For the first time, Britons' personal debt exceeds Britain's GDP
Another worrying milestone on a nation's journey deeper into debt
Britons have racked up so much debt on loans and credit cards that the total borrowed now exceeds the entire value of the economy, new research shows today. The financial consultant Grant Thornton is forecasting that gross domestic product (GDP) will hit £1.33 trillion this year, less than the £1.35trn which was outstanding on mortgages, credit cards and personal loans in June.
The symbolic overtaking is the first time that the country's 60 million people owe more to the banks than the value of everything made by every office and factory in the country. It prompted a warning that personal borrowing was so out of control that many more people would be pushed over the "financial edge". The runaway housing market is the biggest reason why consumer debt has spiralled, totalling £1.131trn. Debt on personal loans and credit cards totals £214bn. Overall, individuals owe the staggering sum of £1,344,721,000,000.
Grant Thornton ascribed the level of borrowings to a "buy now, pay later" culture and warned that interest rate rises could impose a significant burden on families and individuals. "Fortunately, most consumer debt is secured and can be repaid over several years otherwise we would be technically bankrupt," its chief economist, Stephen Gifford, said.
The research further darkens the storm clouds gathering over the British economy. Repossessions, personal insolvencies and debt judgments have all risen by about a third in the past year as borrowers have struggled to cope with the impact of five rate rises in a year.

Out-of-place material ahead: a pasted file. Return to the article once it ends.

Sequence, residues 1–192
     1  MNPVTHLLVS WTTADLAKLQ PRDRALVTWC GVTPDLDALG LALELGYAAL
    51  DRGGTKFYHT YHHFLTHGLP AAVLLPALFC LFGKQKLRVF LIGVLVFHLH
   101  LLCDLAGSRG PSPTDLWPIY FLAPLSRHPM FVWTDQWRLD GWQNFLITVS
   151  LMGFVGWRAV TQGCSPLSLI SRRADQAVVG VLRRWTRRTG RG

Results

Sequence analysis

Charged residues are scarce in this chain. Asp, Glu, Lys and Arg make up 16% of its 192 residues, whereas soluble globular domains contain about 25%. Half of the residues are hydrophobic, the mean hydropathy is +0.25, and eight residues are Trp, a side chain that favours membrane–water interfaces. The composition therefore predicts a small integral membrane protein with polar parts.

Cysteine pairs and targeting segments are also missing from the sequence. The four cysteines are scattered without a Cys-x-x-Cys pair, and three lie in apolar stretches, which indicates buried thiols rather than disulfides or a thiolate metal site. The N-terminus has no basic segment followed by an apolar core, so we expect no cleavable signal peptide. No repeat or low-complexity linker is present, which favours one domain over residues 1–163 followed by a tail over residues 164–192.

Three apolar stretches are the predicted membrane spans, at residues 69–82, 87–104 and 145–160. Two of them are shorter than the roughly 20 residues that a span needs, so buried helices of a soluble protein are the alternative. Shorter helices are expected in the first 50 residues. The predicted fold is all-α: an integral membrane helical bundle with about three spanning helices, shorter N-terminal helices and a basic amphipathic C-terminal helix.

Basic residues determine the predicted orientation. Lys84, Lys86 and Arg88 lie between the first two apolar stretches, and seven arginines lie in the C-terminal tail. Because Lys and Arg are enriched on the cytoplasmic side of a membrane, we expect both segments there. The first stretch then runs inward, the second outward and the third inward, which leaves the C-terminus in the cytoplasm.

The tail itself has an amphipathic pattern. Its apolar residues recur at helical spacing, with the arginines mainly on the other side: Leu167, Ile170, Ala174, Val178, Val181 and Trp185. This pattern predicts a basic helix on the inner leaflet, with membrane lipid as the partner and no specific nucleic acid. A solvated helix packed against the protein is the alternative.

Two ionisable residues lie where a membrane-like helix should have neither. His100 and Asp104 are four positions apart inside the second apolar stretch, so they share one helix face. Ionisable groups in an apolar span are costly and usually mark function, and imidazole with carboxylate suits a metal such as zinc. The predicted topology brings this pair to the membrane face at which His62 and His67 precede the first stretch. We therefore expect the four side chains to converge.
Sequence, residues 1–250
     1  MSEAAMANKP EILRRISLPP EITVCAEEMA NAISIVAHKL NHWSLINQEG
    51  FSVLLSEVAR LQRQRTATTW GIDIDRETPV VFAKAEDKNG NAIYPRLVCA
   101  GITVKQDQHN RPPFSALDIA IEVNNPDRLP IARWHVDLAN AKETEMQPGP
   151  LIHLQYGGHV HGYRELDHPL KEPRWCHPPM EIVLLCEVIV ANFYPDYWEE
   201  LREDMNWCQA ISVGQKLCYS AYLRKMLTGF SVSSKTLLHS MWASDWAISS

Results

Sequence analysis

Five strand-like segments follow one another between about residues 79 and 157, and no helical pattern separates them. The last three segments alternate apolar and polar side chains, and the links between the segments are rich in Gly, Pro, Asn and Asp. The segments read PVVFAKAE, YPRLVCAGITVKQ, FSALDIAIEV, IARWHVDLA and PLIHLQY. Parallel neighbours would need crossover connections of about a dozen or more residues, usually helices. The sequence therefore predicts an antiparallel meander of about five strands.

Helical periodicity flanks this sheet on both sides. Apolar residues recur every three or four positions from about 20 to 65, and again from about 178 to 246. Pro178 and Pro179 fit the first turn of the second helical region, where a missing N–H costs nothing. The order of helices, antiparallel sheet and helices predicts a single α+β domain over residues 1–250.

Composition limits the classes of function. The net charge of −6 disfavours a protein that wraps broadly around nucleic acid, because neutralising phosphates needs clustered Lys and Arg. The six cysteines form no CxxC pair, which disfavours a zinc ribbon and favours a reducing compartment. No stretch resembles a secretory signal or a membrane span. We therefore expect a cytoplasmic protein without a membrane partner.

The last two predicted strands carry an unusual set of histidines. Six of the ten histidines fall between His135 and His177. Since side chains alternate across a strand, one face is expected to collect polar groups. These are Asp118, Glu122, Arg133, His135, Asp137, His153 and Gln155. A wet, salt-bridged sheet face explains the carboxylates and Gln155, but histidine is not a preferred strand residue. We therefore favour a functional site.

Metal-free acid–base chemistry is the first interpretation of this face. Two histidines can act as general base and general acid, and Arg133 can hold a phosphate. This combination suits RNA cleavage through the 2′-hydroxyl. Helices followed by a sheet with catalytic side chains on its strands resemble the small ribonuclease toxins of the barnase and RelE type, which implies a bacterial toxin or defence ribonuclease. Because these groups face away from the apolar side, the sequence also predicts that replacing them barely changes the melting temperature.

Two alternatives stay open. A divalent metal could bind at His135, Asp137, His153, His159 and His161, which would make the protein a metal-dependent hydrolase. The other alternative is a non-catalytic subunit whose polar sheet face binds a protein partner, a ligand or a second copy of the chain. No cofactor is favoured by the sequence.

Yesterday the financial website moneyexpert.com suggested that 2.5 million people were "very concerned" about their personal financial situation.
In the United States, the sudden failure of the poor to repay home loans in recent months has sparked a "sub-prime" crisis that has spooked the financial markets and wiped billions of pounds off share prices.
Responding to the latest figures, the Bank of England predicted debts would remain a "social" rather than an "economic" problem, indicating it believes indebtedness will be contained to individuals rather than threaten businesses.
Grant Thornton's notional payback date for personal debt has advanced markedly through the calendar during the past 10 years. In 1997 the UK took until 23 August to pay off its debt, but this year the date will be 5 January the following year, 2008.